- Your eye pressure. This test, called tonometry, measures the pressure within your eye (intraocular eye pressure, or IOP). Elevated IOP is a sign of glaucoma. The test may involve a quick puff of air onto the eye, or gently applying a pressure-sensitive tip near or against your eye. Your doctor may use numbing drops for this test for your comfort.
- The front part of your eye. A type of microscope called a slit lamp is used to illuminate the front part of the eye, including the eyelids, cornea, iris and lens. This can reveal whether you are developing cataracts or have any scars or scratches on your cornea.
- Your retina and optic nerve. Your doctor will put drops in your eye to dilate, or widen, your eye. This will allow him or her to thoroughly examine your retina and optic nerve, located at the back of your eye, for signs of damage from disease. Your eyes might be temporarily sensitive to light for a few hours after they are dilated.
Your doctor may suggest additional testing to further examine your eye using specialized imaging techniques such as OCT, topography or fundus photos. These tests can be crucial in diagnosing a disease in its early stages and allow your doctor to detect abnormalities in the back of the eye, on the eye’s surface or inside the eye.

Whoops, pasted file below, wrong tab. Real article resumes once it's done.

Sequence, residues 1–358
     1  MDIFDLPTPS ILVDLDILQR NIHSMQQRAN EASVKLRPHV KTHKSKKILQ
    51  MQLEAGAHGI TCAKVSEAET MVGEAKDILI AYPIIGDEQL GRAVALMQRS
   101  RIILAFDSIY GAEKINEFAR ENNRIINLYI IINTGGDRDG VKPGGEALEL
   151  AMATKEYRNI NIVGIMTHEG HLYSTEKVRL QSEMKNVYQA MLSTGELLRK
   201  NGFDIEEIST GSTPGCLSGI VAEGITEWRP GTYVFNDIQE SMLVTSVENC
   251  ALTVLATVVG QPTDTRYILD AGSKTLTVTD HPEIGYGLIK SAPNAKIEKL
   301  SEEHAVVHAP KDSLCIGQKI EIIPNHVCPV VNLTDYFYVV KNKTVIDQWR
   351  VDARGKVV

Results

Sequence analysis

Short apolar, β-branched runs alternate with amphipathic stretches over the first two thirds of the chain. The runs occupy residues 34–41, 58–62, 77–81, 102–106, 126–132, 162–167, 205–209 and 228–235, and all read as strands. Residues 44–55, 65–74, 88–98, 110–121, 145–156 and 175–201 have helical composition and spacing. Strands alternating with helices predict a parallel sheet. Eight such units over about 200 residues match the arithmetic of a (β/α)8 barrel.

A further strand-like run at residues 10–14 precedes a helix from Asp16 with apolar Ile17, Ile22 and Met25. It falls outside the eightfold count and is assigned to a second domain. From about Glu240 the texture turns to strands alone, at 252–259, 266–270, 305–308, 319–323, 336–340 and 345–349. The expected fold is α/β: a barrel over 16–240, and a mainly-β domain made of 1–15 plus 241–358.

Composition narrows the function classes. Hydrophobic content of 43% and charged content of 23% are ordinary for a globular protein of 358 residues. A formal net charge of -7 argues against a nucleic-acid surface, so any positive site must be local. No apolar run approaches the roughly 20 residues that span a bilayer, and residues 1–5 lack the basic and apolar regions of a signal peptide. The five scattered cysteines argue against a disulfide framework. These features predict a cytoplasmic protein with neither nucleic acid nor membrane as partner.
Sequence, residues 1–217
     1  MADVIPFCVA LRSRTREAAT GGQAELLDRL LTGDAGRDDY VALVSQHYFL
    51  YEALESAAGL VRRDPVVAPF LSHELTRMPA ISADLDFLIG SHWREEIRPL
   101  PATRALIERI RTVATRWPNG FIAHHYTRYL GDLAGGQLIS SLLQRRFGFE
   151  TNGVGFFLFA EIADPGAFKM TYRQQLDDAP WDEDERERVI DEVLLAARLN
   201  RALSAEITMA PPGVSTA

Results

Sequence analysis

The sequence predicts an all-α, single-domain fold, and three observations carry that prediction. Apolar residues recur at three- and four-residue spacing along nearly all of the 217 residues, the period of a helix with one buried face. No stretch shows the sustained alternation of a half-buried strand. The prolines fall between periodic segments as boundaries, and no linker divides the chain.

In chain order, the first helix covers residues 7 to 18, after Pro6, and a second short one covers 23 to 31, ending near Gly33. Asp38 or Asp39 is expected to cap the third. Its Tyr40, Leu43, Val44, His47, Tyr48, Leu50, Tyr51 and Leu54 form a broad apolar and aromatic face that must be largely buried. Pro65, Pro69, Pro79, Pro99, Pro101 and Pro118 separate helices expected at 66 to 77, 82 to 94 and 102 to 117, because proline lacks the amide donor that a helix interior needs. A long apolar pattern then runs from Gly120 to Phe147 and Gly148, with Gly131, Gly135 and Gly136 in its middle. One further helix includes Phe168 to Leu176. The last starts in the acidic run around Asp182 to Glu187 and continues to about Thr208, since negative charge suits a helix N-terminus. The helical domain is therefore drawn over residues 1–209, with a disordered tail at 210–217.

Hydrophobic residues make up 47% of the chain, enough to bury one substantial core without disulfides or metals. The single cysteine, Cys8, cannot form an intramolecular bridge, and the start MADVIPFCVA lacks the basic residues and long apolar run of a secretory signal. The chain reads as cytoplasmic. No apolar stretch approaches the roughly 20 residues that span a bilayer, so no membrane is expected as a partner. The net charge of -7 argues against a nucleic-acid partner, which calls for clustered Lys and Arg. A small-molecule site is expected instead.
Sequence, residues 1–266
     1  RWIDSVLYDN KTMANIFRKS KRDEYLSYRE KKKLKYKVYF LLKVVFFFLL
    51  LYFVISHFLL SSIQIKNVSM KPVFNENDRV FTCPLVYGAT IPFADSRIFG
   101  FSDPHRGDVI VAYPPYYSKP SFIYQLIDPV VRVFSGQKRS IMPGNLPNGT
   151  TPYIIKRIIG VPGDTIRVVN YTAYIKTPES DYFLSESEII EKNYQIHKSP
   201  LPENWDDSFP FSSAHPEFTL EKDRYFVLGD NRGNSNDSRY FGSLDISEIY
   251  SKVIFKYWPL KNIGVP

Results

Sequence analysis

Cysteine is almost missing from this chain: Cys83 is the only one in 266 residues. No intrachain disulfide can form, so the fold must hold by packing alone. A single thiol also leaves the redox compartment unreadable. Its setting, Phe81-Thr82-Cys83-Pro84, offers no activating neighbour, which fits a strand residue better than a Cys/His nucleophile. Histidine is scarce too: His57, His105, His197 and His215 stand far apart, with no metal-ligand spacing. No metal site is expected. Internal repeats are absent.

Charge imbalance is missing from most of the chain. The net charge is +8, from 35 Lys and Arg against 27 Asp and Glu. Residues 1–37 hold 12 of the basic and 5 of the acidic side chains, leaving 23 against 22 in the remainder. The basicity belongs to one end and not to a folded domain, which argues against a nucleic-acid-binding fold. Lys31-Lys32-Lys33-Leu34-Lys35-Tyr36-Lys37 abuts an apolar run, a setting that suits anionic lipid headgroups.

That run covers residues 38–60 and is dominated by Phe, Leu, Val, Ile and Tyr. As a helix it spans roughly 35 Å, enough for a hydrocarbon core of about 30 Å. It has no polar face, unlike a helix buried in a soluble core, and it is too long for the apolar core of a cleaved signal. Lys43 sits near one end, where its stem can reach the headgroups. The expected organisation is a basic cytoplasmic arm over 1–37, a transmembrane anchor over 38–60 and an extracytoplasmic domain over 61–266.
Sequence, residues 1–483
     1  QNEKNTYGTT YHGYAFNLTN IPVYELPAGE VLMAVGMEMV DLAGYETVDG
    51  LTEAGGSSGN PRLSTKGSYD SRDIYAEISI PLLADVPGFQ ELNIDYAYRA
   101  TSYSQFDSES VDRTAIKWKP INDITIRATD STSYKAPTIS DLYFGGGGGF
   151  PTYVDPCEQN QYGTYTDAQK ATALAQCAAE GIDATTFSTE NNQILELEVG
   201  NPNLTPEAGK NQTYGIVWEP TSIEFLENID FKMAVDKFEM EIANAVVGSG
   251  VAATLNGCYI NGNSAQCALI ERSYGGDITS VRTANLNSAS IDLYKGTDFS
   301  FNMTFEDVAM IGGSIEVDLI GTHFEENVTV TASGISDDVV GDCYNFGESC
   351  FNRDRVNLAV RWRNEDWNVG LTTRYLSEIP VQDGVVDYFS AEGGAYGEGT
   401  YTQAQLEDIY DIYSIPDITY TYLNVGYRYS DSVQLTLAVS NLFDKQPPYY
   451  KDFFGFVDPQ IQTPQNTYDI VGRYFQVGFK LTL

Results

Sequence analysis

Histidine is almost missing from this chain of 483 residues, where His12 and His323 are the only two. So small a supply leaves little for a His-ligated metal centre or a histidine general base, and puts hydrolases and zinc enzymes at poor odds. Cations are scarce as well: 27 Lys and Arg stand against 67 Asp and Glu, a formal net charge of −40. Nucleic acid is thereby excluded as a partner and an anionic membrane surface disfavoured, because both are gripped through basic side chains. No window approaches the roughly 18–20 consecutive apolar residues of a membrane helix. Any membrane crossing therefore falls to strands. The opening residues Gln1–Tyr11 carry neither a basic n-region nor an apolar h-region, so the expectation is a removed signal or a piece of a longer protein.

Bring a list of any prescription or non-prescription medications you are currently taking or that you took on a regular basis in the past. Include vitamins, herbs and other non-traditional remedies you may use. Also note the dosages you take for each medicine or other substance, and how long you have been taking them.
If you currently wear corrective lenses, bring all pairs of eyeglasses you wear routinely. If you wear contacts that were prescribed elsewhere, bring a copy of your most recent contact lens prescription.
If you are interested in specialty services such as contact lens fitting or laser vison correction surgery (LASIK) evaluation, be sure to mention this — both when you schedule your exam and when you check in on exam day.
Contact us at (803) 779-3070 to schedule an appointment for routine eye care at any of our three convenient locations.